Democracy: Is there an app for that?

July 3, 2014

We are on the cusp of our July 4th holiday here in the U.S., when we remember the revolutionary origins of our country and celebrate our independence with baseball, beer, and displays of fireworks accompanied by a spirited rendition of Tchaikovsky’s 1812 Overture.

Because we’re eager to finish the work week, we’re circulating our Cuba Central News Blast a little early so you can read the news now and all of us can join the party.

We start with Chip Beck, a U.S. citizen with ties to the CIA and the Navy.  According to this blog post on Wikistrat, between 1998 and 2001, while he was working as a freelance journalist, Beck traveled to Havana and received significant cooperation from the Cuban government as he investigated the disappearance of Americans in Asia, Africa, and Central America during the Cold War.  It’s a great story.

In Beck’s account of his five trips to the island, he describes familiar sounding offers by Havana to sit down and negotiate with Washington without preconditions, so long as the U.S. recognized Cuba as a sovereign nation.  He concludes by quoting a conversation he had on the Malecón with a Cuban he identifies only as a single mom with a college degree.

She said, “If you tell a Cuban what to do, he will do the opposite just to spite you. If you [Americans] stop telling us what to do, things will work out exactly like you want.”

Needless to say, this was very good advice which, a dozen years later, we’re still waiting for the U.S. government to heed.

Instead, President Obama, the 11th president in charge of foreign relations with Cuba’s revolutionary government, pursues the stale and failed policy he inherited from his predecessors.  On one track, he has made some important moves to promote two-way travel, family reconciliation, and modest forms of bilateral cooperation.  But, on the second track, he aggressively enforces the embargo with its international overreach to shut down Cuba’s access to finance and global trade.

As of last week, for example, his Administration had already imposed penalties totaling $4.9 billion against 22 banks for violating U.S. sanctions against doing business with Cuba.  That record was shattered by a penalty meted out against BNP Paribas, which pled guilty to two charges, agreed to pay a nearly $9 billion fine, and accepted bans for one and two years respectively on certain dollar clearing and processing activities – all for violations of sanctions against countries including Cuba.  This led the Bank of Ireland, which has “long-standing customers with legitimate business interests in Cuba,” to tell them it would no longer clear their transactions to or from Cuba, as the Independent reported.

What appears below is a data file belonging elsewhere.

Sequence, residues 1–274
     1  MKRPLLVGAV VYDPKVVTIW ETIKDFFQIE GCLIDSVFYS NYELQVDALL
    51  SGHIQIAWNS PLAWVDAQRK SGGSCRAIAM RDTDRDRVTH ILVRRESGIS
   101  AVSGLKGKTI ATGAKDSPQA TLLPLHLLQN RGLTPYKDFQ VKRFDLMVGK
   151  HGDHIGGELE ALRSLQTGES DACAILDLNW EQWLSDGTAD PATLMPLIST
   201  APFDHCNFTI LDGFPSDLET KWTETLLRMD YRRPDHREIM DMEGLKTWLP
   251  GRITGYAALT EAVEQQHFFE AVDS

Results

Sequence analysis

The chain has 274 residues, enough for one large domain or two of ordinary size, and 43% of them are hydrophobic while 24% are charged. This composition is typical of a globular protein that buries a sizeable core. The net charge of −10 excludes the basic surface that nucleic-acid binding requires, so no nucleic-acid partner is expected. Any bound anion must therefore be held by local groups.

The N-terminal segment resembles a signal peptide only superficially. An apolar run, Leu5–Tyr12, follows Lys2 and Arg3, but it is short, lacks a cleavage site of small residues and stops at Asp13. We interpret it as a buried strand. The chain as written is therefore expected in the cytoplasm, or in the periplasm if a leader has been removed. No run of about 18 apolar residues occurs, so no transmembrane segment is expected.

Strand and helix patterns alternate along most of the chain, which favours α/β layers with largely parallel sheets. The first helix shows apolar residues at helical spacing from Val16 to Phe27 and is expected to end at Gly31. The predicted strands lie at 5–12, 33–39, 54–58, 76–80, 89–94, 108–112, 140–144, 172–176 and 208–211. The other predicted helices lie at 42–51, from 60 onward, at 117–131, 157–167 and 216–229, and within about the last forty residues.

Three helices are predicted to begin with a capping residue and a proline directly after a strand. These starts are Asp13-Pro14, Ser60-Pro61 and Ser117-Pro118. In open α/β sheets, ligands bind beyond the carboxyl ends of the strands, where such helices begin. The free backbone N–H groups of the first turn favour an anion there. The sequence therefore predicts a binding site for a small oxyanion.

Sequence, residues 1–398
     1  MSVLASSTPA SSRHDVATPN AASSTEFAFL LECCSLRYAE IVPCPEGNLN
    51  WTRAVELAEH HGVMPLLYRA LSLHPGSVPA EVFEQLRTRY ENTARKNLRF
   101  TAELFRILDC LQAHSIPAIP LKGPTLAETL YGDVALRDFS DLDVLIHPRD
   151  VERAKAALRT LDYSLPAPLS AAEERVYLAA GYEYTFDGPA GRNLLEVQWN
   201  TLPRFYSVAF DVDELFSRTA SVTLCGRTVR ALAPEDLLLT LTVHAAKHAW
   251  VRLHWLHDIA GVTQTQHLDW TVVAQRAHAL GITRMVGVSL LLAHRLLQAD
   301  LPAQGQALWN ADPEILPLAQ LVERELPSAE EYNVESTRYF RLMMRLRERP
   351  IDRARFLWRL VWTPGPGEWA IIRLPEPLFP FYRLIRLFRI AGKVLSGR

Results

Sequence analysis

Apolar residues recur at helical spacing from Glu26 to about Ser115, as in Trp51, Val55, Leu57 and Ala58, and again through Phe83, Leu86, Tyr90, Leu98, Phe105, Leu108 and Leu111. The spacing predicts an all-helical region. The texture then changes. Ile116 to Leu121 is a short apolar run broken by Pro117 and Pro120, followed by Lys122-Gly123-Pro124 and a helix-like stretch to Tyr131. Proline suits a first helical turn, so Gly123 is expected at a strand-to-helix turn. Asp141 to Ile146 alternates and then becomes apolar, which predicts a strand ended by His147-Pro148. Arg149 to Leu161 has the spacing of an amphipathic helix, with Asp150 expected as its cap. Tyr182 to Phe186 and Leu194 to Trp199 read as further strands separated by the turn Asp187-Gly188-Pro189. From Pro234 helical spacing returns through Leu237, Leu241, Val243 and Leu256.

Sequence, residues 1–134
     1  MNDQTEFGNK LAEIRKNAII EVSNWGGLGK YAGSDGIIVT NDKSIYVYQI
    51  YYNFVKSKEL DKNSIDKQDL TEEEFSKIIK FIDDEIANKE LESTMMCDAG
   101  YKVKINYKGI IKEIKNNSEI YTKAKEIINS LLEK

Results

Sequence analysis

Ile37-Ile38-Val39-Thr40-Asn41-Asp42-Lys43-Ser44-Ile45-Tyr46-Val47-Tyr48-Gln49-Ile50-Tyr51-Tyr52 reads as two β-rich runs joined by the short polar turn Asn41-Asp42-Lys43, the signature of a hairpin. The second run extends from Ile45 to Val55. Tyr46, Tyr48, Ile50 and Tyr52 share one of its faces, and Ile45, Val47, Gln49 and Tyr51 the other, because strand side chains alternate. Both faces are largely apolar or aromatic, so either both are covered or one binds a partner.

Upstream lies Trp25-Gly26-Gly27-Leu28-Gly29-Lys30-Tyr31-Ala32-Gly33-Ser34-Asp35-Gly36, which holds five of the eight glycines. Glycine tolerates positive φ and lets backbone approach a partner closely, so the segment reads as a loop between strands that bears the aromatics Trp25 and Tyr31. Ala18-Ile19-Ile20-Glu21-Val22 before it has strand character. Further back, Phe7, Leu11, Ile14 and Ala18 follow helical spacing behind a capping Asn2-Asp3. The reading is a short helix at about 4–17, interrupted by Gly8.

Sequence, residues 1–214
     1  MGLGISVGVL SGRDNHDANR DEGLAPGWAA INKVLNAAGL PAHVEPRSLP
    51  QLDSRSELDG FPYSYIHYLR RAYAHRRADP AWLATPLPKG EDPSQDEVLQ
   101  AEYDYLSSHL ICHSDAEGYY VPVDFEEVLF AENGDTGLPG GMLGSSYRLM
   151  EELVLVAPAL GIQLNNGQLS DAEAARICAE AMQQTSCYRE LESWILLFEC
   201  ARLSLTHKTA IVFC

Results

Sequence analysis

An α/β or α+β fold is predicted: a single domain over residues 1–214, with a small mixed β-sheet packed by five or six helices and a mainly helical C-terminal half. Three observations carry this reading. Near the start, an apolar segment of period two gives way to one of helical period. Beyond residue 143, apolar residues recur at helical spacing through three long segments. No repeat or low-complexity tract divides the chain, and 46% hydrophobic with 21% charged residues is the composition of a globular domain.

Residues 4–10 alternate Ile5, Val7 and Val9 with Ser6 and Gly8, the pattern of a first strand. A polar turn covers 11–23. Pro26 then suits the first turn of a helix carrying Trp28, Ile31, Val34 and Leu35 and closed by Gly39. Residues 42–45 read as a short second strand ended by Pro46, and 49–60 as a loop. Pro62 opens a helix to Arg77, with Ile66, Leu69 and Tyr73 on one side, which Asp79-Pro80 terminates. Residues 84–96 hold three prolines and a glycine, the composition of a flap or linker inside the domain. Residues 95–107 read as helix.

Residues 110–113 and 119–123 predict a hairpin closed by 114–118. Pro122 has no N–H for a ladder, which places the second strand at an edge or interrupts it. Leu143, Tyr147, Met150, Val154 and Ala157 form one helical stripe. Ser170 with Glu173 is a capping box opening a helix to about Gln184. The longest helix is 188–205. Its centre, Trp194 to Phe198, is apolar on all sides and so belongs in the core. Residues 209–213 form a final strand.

At a time when tens of thousands of Cubans (like our friend Barbara Fernández) are working hard to take advantage of economic reforms – in cooperatives and private businesses – in order to live more prosperous and independent lives, tightening the screws on a policy that disregards their nation’s sovereignty and increases their daily struggles makes no sense.

Eric Schmidt, Google’s Executive President, who just wrapped up a visit to Cuba during which he voiced support for an open Internet, underscored the contradictory goals of U.S. policy in a blog post about his trip.

“The ‘blockade’,” he writes, “makes absolutely no sense to US interests: if you wish the country to modernize the best way to do this is to empower the citizens with smart phones (there are almost none today) and encourage freedom of expression and put information tools into the hands of Cubans directly.”

We were in Cuba at the same time as Google and heard Cubans express similar ideas.  They want an Internet opening to complement their economic opening.  They want workers, especially working women, to be able to get online and connect to their jobs from home.  They want a more lively public debate. Just as Cubans are now free to travel overseas, they want to be able to access more information without having to leave.  Dumping restrictions – whether on technology, U.S. travel, or finance – imposed by the U.S. would put what Cubans want in greater alignment with the ostensible goals of U.S. policy and help them get it.

Writing about the architects of our nation and their ideals, former Senator Gary Hart described what the Founders saw in history’s great republics: civic duty, popular sovereignty, resistance to corruption, and a sense of the commonwealth; what we own in common that binds us together.  Every time we visit the island, we see Cubans who share these ideals as well.

July 4th is a great day to celebrate the virtues of our system, which are many, but it can also be an occasion for some humility. In Cuba’s case, that means to stop telling them what to do, and showing respect to Cubans and their ability to figure out their future and how they want to live for themselves.

If you need help figuring out why, when we celebrate Independence Day, we set off fireworks to music commemorating Russia’s defense of Moscow against Napoleon, listen here.